With the amount of free games that I played in 2019, I’m definitely going to have to make some recommendation lists in 2020 to share the best experiences in a separate post. Kyle is Famous is a short, but fun visual novel where the titular protagonist, Kyle, is preparing for an interview. In the final hours leading up to his big moment, players get to control his actions, which changes the ending. The endings vary wildly and can be absolutely hilarious, so it’s worth playing a few times to see the variety, especially given that a single playthrough is only a few minutes long.
27. One Night Stand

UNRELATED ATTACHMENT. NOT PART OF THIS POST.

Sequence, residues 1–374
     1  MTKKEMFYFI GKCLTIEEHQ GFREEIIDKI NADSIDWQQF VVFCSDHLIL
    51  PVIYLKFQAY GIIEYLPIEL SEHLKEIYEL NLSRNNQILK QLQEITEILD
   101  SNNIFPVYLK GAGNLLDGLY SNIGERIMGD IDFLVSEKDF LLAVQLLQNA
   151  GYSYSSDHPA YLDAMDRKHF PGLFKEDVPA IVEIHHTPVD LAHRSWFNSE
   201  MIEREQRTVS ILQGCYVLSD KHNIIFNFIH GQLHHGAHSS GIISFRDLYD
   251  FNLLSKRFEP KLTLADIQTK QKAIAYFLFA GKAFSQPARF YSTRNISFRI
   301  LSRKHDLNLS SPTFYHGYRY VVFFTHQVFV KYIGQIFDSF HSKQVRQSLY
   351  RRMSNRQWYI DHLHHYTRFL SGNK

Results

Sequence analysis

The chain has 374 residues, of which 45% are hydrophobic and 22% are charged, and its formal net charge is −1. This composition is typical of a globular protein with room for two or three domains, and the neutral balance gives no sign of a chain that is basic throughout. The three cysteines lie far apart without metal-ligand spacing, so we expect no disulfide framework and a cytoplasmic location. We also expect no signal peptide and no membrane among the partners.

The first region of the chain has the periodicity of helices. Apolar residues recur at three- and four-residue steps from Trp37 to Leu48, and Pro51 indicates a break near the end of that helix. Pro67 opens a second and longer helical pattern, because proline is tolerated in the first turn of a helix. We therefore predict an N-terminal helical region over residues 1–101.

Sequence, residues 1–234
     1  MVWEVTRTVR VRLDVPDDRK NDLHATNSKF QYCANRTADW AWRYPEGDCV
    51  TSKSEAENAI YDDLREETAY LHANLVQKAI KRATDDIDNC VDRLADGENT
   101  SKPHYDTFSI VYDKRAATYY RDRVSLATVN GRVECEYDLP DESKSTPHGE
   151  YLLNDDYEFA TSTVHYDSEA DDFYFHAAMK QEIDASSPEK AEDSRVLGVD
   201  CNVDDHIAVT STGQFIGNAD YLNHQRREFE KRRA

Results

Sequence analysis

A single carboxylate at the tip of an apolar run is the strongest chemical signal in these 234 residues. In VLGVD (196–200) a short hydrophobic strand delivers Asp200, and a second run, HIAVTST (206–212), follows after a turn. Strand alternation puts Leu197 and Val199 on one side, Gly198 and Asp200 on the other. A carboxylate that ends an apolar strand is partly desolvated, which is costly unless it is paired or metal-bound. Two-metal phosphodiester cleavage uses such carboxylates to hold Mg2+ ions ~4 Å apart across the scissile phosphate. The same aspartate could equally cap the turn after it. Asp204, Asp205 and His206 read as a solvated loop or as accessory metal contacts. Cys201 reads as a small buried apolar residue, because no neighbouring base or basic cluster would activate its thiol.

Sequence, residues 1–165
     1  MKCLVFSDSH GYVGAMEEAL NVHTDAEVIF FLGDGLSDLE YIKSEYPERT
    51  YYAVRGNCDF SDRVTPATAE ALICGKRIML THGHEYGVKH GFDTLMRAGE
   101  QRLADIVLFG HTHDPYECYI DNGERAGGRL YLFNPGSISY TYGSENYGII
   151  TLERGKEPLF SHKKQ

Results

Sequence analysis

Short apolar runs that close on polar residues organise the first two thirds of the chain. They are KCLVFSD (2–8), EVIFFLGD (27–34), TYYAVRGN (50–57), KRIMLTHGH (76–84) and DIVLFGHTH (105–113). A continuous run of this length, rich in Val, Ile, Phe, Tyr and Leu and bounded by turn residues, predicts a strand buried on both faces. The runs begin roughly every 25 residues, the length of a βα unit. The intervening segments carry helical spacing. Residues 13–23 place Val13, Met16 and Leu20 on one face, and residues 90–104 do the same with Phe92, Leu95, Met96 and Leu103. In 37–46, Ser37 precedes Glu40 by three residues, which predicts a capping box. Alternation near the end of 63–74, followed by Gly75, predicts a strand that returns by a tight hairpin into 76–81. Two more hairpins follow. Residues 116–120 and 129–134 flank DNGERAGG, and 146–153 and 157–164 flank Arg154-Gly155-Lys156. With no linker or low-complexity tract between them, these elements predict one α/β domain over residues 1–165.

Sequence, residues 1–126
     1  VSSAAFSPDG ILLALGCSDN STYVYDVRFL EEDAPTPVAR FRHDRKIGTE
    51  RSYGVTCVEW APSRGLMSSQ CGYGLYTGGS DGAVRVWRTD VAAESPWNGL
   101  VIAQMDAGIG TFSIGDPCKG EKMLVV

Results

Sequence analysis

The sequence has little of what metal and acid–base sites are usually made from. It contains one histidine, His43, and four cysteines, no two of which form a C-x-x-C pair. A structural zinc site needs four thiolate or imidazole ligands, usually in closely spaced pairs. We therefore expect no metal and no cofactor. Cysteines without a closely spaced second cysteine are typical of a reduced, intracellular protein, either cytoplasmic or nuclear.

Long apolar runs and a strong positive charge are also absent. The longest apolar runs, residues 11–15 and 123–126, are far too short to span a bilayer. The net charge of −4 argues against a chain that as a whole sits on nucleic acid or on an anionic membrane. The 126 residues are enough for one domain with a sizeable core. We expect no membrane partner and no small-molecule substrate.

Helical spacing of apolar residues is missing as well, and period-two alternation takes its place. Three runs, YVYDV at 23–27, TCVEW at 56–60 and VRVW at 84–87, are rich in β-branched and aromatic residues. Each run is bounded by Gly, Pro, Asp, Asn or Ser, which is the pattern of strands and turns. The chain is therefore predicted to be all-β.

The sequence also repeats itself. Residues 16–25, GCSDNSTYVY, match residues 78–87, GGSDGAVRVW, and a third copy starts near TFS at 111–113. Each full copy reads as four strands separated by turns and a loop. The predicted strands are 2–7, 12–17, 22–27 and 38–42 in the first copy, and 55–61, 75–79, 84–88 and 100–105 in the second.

One Night Stand isn’t a free visual novel, but it is only three dollars, so it’s not a bad pickup for fans of the genre. This game can basically be summed up with its title: The protagonist wakes up after a fun night and is trying to piece together what actually happened. It’s not an action-packed or plot twist-driven game by any means, and I do wish is was a little bit longer, but it’s still a quiet, slice-of-life title that is a perfect break between larger experiences.
26. Bury Me, My Love
Bury Me, My Love is a hard game to play through, but it’s an important one. This is a visual novel about a Syrian refugee trying to reach safety. A lot of endings are dark, so I wouldn’t recommend this to anyone unless they’re in the right head-space for it. The subject matter is intense, but it’s still an interesting title that aims to spread awareness around a tough topic in modern society.
25. Fire Emblem: Three Houses